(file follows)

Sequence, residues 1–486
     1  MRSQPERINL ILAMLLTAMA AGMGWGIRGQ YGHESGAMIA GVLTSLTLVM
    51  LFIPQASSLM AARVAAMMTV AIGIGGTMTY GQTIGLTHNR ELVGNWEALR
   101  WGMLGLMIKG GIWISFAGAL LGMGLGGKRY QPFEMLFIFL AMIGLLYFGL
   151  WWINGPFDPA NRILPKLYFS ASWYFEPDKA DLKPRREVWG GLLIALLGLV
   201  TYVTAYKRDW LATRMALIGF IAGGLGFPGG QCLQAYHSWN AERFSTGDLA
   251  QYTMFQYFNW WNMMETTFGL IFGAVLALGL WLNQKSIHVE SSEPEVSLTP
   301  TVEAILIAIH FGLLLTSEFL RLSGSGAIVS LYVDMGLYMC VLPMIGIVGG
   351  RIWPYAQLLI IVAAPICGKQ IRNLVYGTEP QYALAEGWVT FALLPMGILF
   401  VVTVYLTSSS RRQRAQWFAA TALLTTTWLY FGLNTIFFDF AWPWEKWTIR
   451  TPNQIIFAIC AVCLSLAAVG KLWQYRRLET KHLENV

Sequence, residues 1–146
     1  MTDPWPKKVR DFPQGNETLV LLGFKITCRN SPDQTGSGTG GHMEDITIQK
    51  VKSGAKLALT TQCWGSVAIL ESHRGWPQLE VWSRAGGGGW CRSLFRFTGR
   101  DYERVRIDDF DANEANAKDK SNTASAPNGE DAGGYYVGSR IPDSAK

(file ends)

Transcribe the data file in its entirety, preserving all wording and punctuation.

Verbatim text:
Sequence, residues 1–486
     1  MRSQPERINL ILAMLLTAMA AGMGWGIRGQ YGHESGAMIA GVLTSLTLVM
    51  LFIPQASSLM AARVAAMMTV AIGIGGTMTY GQTIGLTHNR ELVGNWEALR
   101  WGMLGLMIKG GIWISFAGAL LGMGLGGKRY QPFEMLFIFL AMIGLLYFGL
   151  WWINGPFDPA NRILPKLYFS ASWYFEPDKA DLKPRREVWG GLLIALLGLV
   201  TYVTAYKRDW LATRMALIGF IAGGLGFPGG QCLQAYHSWN AERFSTGDLA
   251  QYTMFQYFNW WNMMETTFGL IFGAVLALGL WLNQKSIHVE SSEPEVSLTP
   301  TVEAILIAIH FGLLLTSEFL RLSGSGAIVS LYVDMGLYMC VLPMIGIVGG
   351  RIWPYAQLLI IVAAPICGKQ IRNLVYGTEP QYALAEGWVT FALLPMGILF
   401  VVTVYLTSSS RRQRAQWFAA TALLTTTWLY FGLNTIFFDF AWPWEKWTIR
   451  TPNQIIFAIC AVCLSLAAVG KLWQYRRLET KHLENV

Sequence, residues 1–146
     1  MTDPWPKKVR DFPQGNETLV LLGFKITCRN SPDQTGSGTG GHMEDITIQK
    51  VKSGAKLALT TQCWGSVAIL ESHRGWPQLE VWSRAGGGGW CRSLFRFTGR
   101  DYERVRIDDF DANEANAKDK SNTASAPNGE DAGGYYVGSR IPDSAK